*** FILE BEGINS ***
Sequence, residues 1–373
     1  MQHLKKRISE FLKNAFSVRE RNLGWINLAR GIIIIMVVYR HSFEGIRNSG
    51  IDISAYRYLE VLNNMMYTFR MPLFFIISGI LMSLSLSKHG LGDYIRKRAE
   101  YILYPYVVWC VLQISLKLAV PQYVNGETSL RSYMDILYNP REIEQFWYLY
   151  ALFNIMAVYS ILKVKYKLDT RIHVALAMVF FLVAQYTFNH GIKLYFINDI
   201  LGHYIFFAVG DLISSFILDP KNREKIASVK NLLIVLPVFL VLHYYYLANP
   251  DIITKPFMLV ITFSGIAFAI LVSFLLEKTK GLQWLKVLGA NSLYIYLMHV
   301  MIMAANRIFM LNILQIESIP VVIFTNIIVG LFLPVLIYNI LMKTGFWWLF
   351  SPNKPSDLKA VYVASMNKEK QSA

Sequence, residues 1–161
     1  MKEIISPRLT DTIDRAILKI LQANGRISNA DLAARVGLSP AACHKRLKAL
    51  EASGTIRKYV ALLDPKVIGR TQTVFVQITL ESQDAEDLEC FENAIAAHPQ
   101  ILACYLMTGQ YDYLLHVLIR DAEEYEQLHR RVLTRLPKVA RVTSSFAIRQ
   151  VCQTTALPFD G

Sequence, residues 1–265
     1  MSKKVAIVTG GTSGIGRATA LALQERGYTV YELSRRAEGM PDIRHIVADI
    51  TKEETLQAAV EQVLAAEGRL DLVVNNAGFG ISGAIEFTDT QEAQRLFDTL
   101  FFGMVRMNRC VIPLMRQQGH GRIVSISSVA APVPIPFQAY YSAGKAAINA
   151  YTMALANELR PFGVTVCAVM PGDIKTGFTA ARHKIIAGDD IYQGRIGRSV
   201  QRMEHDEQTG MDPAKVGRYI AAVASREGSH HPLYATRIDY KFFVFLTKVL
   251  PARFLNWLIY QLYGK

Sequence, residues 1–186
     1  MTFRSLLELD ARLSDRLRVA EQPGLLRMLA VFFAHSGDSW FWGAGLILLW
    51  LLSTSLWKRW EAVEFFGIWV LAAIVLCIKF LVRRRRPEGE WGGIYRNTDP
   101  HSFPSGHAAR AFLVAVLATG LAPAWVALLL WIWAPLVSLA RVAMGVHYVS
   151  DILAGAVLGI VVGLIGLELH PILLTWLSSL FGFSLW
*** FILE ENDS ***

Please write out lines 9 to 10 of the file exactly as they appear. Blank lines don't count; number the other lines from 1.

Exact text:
   351  SPNKPSDLKA VYVASMNKEK QSA

Sequence, residues 1–161